I think some people want there to be a sudden change in the Federal debt in 1980, so they can point to it and say Look what Reagan did! or so they can say (like the Dragon site says) "the deficit exploded under Reagan."

You know what that reminds me of? It reminds me of how quickly and how cheerfully a certain segment of the population accepted the pronouncement of Reinhart and Rogoff, that (as BBC News put it): "economic growth slows dramatically when the size of a country's debt rises above 90% of Gross Domestic Product".

Some people wanted that to be true, because it supported their view. Other people revelled in Thomas Herndon's discovery of mistakes in Reinhart and Rogoff's work.

But you know, a lot of those same "other" people are people who want the "sudden change at 1980" debt graph to be true, because it supports their view. But here's the thing. The economy works the way it works without regard to our preferences. The economy doesn't give a damn what we want to be true. No matter which side we're on.

ADDENDUM: Graph #5 on a Log Scale

Graph #6: The Sum of Inflation-Adjusted Deficits on a Log Scale
The Addendum Spreadsheet is available


The Arthurian said...

And debt growth was never well-contained. Not the Federal debt nor any debt.

Jazzbumpa said...

Graph 5 looks to be similar [in the strict geometric sense] to the graph of gross federal debr held by the public with no inflation adjustment.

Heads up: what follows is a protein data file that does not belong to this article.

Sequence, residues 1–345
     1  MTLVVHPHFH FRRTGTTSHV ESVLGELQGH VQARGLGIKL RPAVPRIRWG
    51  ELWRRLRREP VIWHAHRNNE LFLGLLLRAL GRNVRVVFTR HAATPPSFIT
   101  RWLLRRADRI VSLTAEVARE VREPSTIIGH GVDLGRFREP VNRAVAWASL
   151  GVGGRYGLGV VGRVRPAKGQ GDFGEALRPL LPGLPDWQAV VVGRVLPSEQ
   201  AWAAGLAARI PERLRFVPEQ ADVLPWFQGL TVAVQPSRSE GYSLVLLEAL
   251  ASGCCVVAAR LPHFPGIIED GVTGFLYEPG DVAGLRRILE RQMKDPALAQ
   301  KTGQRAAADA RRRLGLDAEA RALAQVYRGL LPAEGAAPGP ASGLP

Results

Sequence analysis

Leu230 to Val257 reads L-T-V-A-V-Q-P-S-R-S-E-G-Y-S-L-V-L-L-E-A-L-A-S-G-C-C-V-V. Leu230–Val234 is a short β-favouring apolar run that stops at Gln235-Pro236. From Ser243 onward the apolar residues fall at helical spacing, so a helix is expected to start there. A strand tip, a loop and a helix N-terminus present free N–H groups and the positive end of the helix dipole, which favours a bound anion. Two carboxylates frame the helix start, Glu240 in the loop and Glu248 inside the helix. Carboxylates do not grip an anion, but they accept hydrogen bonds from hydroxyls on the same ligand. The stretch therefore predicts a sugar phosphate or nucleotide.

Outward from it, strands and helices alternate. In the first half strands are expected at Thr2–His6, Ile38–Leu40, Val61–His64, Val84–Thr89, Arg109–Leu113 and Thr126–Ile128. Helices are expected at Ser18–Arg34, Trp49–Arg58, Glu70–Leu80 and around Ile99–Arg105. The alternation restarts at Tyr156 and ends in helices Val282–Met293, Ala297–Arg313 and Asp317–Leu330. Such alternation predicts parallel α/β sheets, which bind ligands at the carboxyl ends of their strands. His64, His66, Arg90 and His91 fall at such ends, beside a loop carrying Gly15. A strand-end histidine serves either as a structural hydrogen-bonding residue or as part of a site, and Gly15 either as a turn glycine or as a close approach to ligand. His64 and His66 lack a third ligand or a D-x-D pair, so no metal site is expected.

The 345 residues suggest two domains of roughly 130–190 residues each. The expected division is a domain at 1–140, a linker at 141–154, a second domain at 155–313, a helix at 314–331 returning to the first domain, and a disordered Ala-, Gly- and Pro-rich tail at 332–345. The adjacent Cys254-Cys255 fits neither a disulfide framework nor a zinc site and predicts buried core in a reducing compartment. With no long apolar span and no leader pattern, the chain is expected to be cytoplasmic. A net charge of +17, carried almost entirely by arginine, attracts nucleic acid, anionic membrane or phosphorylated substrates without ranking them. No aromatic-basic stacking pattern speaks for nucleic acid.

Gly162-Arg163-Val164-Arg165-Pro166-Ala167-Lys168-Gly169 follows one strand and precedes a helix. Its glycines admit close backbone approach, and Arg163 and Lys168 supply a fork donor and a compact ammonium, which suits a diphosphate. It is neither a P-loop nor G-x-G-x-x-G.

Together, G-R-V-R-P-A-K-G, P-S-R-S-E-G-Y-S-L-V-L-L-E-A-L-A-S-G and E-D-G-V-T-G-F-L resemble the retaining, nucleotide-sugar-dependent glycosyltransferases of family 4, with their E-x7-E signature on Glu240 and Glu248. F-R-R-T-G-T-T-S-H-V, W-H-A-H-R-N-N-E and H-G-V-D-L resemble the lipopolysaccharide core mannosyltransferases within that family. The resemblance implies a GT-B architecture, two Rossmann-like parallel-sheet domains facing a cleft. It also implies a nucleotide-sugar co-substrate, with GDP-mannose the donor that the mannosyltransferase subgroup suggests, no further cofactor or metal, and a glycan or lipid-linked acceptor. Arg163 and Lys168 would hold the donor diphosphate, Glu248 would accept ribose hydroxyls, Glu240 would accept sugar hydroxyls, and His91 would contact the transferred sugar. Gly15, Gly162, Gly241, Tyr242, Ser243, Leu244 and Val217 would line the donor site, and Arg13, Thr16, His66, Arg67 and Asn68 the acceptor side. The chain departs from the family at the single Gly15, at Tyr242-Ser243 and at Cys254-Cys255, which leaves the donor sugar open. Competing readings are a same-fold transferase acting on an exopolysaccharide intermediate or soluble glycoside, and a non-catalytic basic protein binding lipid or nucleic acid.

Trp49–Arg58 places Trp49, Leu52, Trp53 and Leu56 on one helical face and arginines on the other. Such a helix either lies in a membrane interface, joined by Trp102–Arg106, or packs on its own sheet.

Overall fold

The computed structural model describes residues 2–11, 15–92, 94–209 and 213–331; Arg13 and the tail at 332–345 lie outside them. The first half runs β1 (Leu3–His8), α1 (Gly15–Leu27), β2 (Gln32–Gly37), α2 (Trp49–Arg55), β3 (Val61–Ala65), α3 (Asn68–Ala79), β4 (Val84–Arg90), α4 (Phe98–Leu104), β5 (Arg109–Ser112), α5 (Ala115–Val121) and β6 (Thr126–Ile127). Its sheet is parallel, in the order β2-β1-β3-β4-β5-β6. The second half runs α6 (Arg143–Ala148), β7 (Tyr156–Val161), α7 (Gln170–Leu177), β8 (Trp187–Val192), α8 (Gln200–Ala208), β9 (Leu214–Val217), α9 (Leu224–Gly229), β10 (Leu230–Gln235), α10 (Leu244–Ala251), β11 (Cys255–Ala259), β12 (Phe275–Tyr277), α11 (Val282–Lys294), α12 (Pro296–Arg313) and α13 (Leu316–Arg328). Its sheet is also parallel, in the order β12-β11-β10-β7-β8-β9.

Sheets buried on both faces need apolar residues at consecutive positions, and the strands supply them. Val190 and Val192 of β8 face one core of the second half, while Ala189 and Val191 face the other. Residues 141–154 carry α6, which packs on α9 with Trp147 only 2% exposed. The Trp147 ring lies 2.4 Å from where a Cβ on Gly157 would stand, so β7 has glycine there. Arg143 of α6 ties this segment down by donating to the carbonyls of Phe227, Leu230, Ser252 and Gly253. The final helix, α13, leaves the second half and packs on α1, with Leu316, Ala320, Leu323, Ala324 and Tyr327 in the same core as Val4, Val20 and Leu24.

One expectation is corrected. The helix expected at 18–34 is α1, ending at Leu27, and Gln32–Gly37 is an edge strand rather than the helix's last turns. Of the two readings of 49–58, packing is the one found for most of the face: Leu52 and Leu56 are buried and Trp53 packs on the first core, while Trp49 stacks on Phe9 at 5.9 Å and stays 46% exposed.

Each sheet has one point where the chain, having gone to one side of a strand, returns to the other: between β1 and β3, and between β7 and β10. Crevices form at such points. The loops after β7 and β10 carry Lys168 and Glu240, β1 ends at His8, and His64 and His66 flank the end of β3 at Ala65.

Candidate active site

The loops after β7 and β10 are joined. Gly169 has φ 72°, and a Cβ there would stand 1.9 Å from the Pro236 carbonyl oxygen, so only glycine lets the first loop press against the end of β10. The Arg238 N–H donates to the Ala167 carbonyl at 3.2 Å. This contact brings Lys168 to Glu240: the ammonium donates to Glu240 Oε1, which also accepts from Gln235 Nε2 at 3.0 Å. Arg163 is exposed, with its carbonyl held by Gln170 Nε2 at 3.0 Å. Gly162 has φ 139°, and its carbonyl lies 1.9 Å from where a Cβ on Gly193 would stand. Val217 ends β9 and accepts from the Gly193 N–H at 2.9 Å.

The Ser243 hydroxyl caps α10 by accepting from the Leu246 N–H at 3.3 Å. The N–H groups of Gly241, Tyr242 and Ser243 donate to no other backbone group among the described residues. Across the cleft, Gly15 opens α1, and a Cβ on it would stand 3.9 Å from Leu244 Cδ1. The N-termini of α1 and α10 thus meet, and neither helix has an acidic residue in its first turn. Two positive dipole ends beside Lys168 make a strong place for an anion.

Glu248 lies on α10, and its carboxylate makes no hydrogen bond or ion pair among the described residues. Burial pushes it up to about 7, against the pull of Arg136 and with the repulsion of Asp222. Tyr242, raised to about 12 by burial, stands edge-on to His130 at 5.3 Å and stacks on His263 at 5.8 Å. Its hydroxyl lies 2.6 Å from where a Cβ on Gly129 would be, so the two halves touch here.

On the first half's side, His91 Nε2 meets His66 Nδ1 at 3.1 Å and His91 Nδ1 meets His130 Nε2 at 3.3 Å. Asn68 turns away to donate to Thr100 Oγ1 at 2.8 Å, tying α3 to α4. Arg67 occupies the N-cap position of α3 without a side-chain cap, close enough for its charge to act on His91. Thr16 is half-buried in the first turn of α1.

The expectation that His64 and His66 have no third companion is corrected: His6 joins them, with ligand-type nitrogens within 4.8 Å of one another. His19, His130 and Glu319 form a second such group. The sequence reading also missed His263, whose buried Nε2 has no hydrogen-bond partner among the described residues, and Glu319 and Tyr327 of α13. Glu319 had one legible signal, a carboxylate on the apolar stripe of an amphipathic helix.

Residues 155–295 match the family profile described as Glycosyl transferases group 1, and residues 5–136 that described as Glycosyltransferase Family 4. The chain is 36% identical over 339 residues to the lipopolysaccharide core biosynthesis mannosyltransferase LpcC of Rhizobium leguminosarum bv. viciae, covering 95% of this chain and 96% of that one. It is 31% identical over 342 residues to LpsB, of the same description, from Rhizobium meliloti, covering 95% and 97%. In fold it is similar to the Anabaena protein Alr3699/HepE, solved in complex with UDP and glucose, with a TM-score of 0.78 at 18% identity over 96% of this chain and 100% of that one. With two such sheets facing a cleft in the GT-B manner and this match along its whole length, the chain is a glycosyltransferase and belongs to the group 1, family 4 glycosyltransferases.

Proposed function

Can you put it on a log scale? I think there is a bump in the 80's, but quasi-exponential curves are tough to eye-ball.

I'm still baffled by the inflation adjustment.


The Arthurian said...

"Graph 5 looks to be similar [in the strict geometric sense] to the graph of gross federal debt held by the public with no inflation adjustment."

Agreed! Unfortunately, I spent basically ALL of Sunday writing a post to say what you just said, which is for Monday the 11th (today).

I think I see the bump you see. Log scale is a good idea; I was thinking of fitting an exponential curve to the debt curve but that idea went nowhere.

I'm adding an addendum to the post, with the Log Scale graph.

The Arthurian said...

"I'm still baffled by the inflation adjustment."

Try this on for size... Suppose we want to use the normal inflation-adjustment calc, like in the Wikipedia and Dragon graphs above.

Suppose our debt consists of only two borrowings, one in 1960 and one in 1979.

Suppose it is now 1980 and we are making the calculations.

For the 1960 calc we have only one borrowing in our debt; and adjusting 1960 dollars to 1980 dollars is the correct calculation.

But in the years that follow, the existing accumulation of debt (which is only the amount we borrowed in 1960) is "corrected" for 1961-to-1980, then for 1962-to-1980, then 1963-to-1980, etc. By 1978, the Great Inflation has sucked much value out of the original 1960 dollars that we borrowed, and reduced the value on the graph! In truth, the original value borrowed is much greater in 1978, not much less.

The proper correction for inflation would have to consider the 1960 value of the money borrowed in 1960. The commonly used correction for inflation does not.

In 1979 we borrow more, but now the original 1960 borrowing, incorrectly corrected for inflation, is very small relative to the new borrowing. This is how the Wikipedia graph manages to stay flat until the end of the Great Inflation.